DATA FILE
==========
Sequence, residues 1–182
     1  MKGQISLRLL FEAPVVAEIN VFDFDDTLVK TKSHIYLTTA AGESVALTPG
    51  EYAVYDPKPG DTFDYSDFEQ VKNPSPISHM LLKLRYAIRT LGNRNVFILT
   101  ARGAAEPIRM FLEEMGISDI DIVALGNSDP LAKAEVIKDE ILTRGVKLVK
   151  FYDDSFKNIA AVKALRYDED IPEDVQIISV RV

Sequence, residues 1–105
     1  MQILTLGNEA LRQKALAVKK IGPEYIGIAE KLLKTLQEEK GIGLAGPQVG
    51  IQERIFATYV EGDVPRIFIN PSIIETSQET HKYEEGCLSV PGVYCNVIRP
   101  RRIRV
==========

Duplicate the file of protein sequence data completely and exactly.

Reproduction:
Sequence, residues 1–182
     1  MKGQISLRLL FEAPVVAEIN VFDFDDTLVK TKSHIYLTTA AGESVALTPG
    51  EYAVYDPKPG DTFDYSDFEQ VKNPSPISHM LLKLRYAIRT LGNRNVFILT
   101  ARGAAEPIRM FLEEMGISDI DIVALGNSDP LAKAEVIKDE ILTRGVKLVK
   151  FYDDSFKNIA AVKALRYDED IPEDVQIISV RV

Sequence, residues 1–105
     1  MQILTLGNEA LRQKALAVKK IGPEYIGIAE KLLKTLQEEK GIGLAGPQVG
    51  IQERIFATYV EGDVPRIFIN PSIIETSQET HKYEEGCLSV PGVYCNVIRP
   101  RRIRV